DAILY IN DEPTH
Is “Solidarity Forever” Still Working?
The Labor Day-inspired Detroit Free Press series on the UAW’s growth, and transplant-inspired decline, holds bittersweet memories for most native Detroiters. Born in the great depression, the UAW weathered loads of automaker resistance before succeeding in being recognized. Workers endured speedups, low wages, no security if laid off, no pensions, no health benefits. Slowly, Walter P. Reuther, a golden-tongued orator, presided over the UAW in its early years and won autoworkers decent wages and attendant benefits. The UAW’s membership soared past the one million mark as the Big Three kept on a growth path. And the only foreign-owned plant started before the Japanese transplant invasion of 1982 — Volkswagen in Westmoreland, Penn.— recognized the UAW as its bargaining union right off the bat in 1978.
The idea that the UAW “automatically” should be the union for any autoworkers in the U.S. or Canada changed when Nissan and Honda began production in Ohio and Tennessee, respectively, in 1982. Workers were hired in the small-town transplant locations whose youth and backgrounds carried no ‘union’ genes. The Japanese created a culture of employees being “team associates” and management sent out a message that union representation was “not needed.” Wages and benefits matched those paid by the unionized Big Three, anyway, while workers were asked to wear uniforms conveying the idea of “team” players. UAW organizers from Michigan were viewed as “secular radicals” if not out-and-out troublemakers. The UAW struck out even when BMW opened a plant in South Carolina and Mercedes-Benz opened one in Alabama — despite the fact the German automakers are fully unionized at home.
As the transplant concept grew in the 1980s and 1990s, cutting a 40 percent chunk out of the Big Three’s historic market share, UAW membership plateaued and then nosedived to about 650,000 currently. Efforts to organize Nissan’s plants in Smyrna, Tenn., or Toyota’s in Georgetown, Ky., have been rebuffed, and the Detroit Free Press reports that a Nashville unionist is quitting an intensive effort to try again at Nissan and Toyota. “Solidarity forever,” the UAW’s motto, may well be a cry of the past. —Mac Gordon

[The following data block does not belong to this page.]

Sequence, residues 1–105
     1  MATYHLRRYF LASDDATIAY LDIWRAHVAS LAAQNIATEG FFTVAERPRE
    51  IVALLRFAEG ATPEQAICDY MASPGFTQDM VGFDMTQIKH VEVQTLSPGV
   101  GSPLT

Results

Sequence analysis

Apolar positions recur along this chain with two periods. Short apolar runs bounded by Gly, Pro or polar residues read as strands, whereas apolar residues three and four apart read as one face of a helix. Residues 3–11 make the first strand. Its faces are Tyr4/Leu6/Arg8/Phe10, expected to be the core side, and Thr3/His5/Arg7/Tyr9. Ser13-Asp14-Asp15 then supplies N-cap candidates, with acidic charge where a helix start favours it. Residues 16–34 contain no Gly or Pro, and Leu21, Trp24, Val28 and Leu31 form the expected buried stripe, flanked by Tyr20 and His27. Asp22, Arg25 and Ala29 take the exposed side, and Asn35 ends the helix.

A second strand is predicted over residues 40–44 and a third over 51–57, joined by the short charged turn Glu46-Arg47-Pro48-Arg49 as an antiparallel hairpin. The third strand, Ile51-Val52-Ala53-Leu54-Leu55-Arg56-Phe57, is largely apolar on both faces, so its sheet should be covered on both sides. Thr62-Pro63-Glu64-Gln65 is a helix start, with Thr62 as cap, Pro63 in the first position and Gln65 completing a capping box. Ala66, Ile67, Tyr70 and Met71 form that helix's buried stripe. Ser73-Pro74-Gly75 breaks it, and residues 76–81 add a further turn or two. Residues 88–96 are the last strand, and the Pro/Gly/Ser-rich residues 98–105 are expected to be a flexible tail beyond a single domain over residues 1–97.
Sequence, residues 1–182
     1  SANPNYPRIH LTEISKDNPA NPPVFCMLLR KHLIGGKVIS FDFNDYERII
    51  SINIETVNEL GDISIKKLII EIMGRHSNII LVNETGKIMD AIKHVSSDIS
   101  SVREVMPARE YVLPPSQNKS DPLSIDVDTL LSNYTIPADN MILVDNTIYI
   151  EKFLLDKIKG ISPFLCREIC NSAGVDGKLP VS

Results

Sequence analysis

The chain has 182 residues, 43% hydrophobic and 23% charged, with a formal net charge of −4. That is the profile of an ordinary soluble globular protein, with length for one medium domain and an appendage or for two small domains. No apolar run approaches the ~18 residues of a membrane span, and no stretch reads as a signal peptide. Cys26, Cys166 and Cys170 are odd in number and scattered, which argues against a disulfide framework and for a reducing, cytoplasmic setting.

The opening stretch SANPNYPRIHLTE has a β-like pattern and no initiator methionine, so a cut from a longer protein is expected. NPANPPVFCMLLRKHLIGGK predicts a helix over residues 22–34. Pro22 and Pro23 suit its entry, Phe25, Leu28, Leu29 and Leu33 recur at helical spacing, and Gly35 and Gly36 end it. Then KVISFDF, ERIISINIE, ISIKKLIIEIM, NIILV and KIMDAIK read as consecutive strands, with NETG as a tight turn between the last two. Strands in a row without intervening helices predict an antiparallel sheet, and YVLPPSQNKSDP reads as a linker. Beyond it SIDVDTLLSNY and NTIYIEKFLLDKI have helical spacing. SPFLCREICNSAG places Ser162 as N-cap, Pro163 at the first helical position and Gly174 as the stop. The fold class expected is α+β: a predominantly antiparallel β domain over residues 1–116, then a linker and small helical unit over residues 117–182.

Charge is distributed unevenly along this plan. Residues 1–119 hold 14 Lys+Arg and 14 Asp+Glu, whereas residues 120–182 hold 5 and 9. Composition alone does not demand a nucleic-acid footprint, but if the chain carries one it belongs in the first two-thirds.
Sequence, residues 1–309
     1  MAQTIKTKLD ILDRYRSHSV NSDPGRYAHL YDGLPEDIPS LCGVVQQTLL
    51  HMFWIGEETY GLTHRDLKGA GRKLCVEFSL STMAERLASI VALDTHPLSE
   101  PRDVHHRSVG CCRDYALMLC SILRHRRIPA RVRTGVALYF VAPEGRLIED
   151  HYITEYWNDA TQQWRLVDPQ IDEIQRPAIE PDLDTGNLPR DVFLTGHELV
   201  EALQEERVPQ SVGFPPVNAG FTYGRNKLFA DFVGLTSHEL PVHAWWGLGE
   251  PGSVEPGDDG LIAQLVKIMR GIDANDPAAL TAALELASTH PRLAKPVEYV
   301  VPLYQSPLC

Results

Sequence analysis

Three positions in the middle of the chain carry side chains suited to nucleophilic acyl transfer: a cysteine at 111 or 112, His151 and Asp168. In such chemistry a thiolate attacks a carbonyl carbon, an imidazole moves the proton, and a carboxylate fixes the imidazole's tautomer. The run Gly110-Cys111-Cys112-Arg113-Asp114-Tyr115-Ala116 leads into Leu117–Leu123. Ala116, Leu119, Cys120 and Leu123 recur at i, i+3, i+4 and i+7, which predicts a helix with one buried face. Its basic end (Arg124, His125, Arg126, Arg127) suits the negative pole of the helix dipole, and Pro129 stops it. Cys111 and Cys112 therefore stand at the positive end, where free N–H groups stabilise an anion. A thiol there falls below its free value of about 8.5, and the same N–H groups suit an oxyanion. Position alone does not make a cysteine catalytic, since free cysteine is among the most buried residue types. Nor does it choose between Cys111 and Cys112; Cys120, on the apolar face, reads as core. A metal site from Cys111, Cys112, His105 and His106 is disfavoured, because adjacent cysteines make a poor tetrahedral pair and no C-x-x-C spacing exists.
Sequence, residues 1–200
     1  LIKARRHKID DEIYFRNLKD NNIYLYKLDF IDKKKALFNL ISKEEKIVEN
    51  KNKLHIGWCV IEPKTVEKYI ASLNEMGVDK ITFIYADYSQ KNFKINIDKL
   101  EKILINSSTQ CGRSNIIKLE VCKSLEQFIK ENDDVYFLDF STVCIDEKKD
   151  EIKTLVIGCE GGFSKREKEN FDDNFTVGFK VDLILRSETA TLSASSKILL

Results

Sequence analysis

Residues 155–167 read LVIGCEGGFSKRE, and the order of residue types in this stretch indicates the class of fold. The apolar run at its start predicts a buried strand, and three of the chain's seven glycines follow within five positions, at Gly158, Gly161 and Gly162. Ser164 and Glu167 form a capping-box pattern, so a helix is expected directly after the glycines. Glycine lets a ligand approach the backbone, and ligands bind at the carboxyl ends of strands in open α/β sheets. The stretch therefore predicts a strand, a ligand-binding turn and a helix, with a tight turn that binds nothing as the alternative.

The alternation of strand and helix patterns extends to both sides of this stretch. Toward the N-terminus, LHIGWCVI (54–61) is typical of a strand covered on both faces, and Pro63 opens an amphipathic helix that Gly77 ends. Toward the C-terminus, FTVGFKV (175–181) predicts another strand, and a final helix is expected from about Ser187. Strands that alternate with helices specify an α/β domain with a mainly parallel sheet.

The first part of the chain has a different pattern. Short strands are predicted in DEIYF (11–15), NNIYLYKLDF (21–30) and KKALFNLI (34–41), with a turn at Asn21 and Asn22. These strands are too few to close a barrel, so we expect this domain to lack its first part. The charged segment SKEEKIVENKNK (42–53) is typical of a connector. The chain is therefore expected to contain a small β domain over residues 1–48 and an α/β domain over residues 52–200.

Nissan Surging Ahead in Japan and U.S.
When you’re hot, you’re hot — as is the case with Nissan Motor in the U.S. and Japan. Nissan was the only major Japanese automaker increasing its production at home in July, according to Dow Jones reports (Wall Street Journal, August 26), while in the U.S. it began production a month later of the all-new Pathfinder Armada full-size SUV at the new assembly plant in Canton, Miss.
Reflecting a dramatic comeback that began in 2000 with the Renault takeover, Nissan is racking up gains in all its financials, production, market share, sales volume model offerings and, not the least, operating profits. The Canton plant opened in May with output of the restyled Quest minivan and will finish 2003 by adding the highly-awaited Titan full-size pickup truck. Ancira Nissan, a dealer outside San Antonio — heart of the Texas “truck country” — where archrival Toyota is building a new truck plant, reports that “Nissan buzz” is pulling in shoppers already because of news that the Titan is roomier than the new Ford F-150 and Chevrolet Silverado and generates more power than any rival truck. “Titan is going to do well against F-150 and Silverado,” says the dealership’s sales manager, Gary Patenaude.